DAP organizing secretary Anthony Loke previously said:
“If we are not involved in crime, why should we worry over its implementation or punishment. What MCA is doing is demonising Islam, painting Islam with an extremist kind of image with regard to hudud, to which we [DAP] do not agree.” — see Malaysiakini article below
Anthony accused MCA of demonizing Islam when the BN Chinese party voiced its opposition to hudud.
DAP evangelista’s honeyed words
They like to accuse MCA and other Chinese as “haters” who demonize Islam.
On the other hand, they themselves are really, truly ‘A.W.E.S.O.M.E.’ in displaying their abundance of Christian lurrrve.
The DAP evangelistas self-righteously portray themselves as peace-loving Christians who are most Islam-friendly as well as Brothers and Sisters to the Malays whose god ‘Allah’ they share.
Anthony Loke assured all the non-Muslims that since they are not criminals, there is really no need for them to be worried about chopped hands.
Just let the Muslims do whatever they want to do to themselves, and among themselves. That’s the DAP evangelista ethos. It explains why Anthony Loke defended the practice of gender segregation by PAS at party social functions. Since that is what the PAS people want.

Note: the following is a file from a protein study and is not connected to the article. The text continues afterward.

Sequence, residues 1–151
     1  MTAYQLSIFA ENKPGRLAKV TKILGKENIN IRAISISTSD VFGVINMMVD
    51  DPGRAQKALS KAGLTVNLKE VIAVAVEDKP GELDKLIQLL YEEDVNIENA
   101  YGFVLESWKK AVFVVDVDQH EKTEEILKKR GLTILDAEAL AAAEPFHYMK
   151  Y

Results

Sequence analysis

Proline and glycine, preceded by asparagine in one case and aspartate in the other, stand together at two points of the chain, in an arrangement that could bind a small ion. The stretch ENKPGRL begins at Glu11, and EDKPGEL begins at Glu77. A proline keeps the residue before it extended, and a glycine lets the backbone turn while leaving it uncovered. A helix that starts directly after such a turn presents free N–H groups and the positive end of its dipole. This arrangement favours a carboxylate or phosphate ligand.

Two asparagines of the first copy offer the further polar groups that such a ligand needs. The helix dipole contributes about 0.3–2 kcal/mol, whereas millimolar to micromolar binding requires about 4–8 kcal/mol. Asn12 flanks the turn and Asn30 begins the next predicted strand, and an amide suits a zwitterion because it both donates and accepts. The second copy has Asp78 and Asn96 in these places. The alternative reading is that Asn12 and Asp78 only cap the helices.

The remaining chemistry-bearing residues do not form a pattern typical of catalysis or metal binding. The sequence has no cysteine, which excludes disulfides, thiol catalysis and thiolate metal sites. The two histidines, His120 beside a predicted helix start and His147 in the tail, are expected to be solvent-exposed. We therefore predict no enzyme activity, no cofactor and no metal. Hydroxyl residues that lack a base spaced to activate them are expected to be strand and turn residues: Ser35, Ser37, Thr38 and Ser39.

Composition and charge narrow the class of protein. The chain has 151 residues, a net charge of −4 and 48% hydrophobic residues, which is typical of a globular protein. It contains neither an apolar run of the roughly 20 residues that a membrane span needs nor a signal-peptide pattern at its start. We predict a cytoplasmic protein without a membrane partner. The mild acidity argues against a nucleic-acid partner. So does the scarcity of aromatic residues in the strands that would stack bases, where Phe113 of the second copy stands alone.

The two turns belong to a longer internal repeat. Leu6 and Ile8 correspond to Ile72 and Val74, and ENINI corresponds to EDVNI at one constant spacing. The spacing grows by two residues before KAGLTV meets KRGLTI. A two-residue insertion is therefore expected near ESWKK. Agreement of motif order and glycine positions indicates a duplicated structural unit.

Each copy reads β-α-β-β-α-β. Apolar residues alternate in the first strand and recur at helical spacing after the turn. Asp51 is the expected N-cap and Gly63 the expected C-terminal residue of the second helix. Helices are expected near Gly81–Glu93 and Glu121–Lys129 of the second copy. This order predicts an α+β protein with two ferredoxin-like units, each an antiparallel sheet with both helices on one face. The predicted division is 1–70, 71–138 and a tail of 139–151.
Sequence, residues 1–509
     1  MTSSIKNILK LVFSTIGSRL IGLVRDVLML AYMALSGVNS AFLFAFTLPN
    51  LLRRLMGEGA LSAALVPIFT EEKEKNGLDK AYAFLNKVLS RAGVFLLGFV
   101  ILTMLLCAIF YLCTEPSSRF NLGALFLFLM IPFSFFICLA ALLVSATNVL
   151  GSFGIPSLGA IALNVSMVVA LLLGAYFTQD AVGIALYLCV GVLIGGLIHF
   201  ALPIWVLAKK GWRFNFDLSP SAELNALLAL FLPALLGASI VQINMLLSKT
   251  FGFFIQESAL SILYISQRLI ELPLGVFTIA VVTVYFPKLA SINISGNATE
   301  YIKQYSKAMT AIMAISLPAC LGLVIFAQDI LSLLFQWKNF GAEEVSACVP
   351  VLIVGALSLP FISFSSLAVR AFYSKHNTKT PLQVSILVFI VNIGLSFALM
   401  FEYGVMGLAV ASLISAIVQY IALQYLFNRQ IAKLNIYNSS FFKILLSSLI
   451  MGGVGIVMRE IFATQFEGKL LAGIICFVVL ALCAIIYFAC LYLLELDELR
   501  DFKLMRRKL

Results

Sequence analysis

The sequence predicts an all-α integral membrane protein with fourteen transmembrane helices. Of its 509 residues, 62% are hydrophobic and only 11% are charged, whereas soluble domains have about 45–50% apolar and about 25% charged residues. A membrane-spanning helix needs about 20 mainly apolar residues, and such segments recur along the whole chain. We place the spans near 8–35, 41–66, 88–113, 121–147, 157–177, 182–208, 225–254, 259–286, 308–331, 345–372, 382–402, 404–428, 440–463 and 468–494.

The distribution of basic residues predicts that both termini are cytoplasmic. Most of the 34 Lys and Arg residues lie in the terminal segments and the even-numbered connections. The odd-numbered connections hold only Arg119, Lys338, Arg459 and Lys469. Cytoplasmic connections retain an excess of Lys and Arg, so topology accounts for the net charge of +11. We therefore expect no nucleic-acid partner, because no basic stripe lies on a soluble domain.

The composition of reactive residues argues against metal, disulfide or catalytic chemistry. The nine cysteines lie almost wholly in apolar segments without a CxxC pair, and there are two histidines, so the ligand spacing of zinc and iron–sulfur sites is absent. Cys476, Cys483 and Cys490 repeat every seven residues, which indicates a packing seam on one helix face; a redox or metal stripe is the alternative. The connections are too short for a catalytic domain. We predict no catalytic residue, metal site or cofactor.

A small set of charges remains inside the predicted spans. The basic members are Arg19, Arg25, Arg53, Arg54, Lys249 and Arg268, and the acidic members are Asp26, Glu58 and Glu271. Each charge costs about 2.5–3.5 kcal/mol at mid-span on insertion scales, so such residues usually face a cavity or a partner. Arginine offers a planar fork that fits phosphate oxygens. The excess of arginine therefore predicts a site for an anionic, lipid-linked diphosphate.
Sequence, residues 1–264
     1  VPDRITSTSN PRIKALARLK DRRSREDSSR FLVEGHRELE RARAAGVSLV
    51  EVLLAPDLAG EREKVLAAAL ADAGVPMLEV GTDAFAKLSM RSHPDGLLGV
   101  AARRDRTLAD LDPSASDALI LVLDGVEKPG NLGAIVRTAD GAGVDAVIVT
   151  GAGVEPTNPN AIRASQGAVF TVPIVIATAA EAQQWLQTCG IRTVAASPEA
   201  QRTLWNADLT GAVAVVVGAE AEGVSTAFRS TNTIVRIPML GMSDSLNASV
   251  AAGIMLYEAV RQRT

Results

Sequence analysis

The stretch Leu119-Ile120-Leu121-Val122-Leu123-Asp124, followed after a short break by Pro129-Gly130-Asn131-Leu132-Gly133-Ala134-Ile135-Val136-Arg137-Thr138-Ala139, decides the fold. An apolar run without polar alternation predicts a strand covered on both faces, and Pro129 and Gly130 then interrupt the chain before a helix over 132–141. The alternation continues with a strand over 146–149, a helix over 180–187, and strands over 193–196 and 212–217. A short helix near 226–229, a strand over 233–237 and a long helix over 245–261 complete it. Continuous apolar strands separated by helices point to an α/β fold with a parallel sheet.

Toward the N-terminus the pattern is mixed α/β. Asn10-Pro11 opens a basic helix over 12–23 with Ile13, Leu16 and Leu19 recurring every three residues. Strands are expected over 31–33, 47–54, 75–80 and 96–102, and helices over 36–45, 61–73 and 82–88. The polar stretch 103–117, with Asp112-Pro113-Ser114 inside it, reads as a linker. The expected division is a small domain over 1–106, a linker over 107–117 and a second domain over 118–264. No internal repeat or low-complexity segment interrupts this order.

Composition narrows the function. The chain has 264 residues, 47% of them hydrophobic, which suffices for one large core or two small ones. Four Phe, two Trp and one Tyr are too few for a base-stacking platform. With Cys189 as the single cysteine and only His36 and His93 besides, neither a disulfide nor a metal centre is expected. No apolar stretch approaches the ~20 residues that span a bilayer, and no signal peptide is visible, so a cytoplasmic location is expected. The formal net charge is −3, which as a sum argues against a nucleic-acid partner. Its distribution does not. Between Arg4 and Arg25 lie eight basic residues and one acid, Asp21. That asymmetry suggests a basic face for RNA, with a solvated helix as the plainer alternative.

It’s amazing what love can do
Love is … Olympic-level gymnastics.
The DAP evangelistas, and don’t forget the Scissorati, are the best at twisting and turning their words – beating even Nadia Comaneci on the balance beam – because they (evangelistas, Scissorati) are the people most filled with love.
Today Loke is making a 180-degree turn in his “Islamic” posturing. (See the Sinar Harian recent front page headline above.)
What secular state?
The non-Muslim opposition and their supporters are fond of bleating that Malaysia is secular.
Firstly, do go through this checklist of what makes a country secular.
A secular state will have, among others, the following characteristics:
- The state must be neutral towards religion
- The state cannot give religion a position of privilege in the public arena
- The state’s coercive powers and resources cannot be utilised in the service of any religion
- The state should not privilege a religion or its adherents over another
- The state should not privilege religion over irreligion
- The state should not permit religion to be a requirement of public office
- The state should not interfere with the affairs of religion and vice-versa
(The above recognised parameters of a secular state are compiled by historian Dr Malik Munip)
Let’s tick the checklist, shall we?
- Is Malaysia neutral towards religion?
Nope. Islam is paramount. It says so in the Federal Constitution
- Does Malaysia give any religion a position of privilege in the public arena?
Yup. Islam is given prominence. Official functions are accompanied by Islamic rituals
- Are the coercive powers and resources of the Malaysian authorities utilised in the service of any particular religion?